He is survived by: loving wife, Gwen, of 48 years; sons Robert C. of Bastrop, Rory D (Beatrice) of Elgin, David C. (Ella) of Georgetown; daughters Kim Mathis of Dallas, Tereatha Mason of Bastrop; mother Lillie Smith of Arlington; Roscoe C. Smith of Dallas, George (Judy) Smith Jr. and James (Tyrus) Smith of Cedar Hill, Texas, and Jimmy C. Smith of Hope, Ark.; a sister, Gwendolyn Elliby, of Arlington; grandchildren, nieces, nephews, cousins and numerous other family and friends, including the Mt. Rose Missionary Baptist Church family who will remember his teachings, his love of Isaiah 40, his wit and most of all, his love for all; and the City of Bastrop where he served as Police Chaplain and on numerous boards, commissions and committees.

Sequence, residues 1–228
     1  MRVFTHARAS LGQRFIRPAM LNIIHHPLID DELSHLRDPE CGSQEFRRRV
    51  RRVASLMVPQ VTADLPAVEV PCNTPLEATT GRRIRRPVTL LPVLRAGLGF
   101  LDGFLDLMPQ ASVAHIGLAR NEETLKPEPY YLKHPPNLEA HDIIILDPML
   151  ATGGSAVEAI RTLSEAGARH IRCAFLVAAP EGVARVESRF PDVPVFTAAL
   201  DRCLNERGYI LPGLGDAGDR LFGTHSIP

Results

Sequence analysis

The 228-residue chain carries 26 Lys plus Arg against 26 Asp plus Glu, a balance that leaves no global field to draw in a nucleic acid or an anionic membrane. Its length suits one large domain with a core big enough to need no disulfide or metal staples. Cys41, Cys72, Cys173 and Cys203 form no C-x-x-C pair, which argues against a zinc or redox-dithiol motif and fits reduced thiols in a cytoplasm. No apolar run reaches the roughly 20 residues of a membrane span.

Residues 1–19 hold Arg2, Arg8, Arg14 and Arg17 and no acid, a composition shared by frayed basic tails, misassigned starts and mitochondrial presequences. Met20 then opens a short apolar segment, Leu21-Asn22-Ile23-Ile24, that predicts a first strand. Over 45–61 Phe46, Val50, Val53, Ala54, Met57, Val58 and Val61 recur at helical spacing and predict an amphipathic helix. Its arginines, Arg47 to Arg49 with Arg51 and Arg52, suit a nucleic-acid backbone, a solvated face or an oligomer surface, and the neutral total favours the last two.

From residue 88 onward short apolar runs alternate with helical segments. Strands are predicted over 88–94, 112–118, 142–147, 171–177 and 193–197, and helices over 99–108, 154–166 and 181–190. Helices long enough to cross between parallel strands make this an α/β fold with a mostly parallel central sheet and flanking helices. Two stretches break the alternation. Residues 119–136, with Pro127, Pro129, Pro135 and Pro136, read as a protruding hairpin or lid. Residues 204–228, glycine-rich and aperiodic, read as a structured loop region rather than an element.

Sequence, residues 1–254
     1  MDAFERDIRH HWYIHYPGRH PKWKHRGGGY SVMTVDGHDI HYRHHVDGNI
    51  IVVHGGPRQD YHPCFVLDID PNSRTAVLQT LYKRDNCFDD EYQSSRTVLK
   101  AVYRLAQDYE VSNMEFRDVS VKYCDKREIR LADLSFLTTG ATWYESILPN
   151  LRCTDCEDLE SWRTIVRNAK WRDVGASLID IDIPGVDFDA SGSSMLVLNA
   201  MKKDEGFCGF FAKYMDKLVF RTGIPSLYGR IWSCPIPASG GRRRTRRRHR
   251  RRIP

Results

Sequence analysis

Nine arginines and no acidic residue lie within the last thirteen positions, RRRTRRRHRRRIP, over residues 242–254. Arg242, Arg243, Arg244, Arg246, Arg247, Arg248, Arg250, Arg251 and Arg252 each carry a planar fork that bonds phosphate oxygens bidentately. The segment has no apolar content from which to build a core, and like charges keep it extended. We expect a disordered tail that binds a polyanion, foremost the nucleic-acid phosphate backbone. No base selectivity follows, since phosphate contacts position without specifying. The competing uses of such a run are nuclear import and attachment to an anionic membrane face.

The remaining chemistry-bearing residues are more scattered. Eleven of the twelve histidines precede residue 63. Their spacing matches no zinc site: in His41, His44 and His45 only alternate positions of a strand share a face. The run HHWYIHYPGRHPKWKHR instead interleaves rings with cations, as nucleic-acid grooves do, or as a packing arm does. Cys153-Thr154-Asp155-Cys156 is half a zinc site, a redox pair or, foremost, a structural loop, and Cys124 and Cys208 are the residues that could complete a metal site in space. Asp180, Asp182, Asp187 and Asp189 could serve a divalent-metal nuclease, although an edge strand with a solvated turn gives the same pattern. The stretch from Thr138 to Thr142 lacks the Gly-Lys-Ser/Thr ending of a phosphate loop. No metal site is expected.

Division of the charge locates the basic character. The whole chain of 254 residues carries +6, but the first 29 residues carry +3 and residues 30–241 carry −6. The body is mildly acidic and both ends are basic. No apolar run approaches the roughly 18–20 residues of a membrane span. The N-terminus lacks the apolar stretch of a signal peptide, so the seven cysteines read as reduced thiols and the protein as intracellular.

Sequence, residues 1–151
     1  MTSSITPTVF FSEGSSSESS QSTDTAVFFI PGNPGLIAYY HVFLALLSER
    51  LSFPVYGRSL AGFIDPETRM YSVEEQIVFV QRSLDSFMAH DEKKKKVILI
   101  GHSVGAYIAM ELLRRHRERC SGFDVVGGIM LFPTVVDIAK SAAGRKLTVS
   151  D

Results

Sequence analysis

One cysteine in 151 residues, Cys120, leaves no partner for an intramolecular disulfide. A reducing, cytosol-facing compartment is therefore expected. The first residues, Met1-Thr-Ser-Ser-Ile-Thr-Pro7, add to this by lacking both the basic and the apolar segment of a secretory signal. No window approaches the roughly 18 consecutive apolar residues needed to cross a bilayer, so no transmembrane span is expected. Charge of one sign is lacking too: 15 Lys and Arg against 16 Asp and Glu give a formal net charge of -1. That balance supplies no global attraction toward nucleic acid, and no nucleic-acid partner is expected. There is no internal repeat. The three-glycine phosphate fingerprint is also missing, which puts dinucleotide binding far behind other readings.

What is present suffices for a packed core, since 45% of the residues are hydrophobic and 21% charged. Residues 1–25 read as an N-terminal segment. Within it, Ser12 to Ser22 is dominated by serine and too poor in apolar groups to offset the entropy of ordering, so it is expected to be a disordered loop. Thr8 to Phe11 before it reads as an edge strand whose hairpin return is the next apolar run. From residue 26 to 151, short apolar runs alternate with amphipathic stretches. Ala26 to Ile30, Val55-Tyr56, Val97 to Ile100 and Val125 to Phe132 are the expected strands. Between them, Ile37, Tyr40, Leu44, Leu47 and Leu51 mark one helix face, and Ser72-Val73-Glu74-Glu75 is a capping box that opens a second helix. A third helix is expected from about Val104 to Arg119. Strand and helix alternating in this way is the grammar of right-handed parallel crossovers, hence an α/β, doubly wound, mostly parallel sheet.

He is preceded in death by his father and niece Gwendolyn Rochelle Smith.
A wake will be held at the Mt. Rose Missionary Baptist Church, 507 Toliver Street on Tuesday, June 18, from 6- 8 p.m. with visitation beginning at 2 pm.
Funeral services will be held at the Bastrop Convention Center, 1408 Chestnut on Wednesday, June 19, at noon. Interment will follow at Fairview Cemetery in Bastrop.
In lieu of flowers, donations can be made to the Bastrop County Emergency Food Pantry or the Mt. Rose Missionary Baptist Church Building Fund.
The Rev. Zebadee Bridges Sr., a force in local pulpits and politics for more than 40 years, died Monday (June 17) at his New Orleans home. He was 87.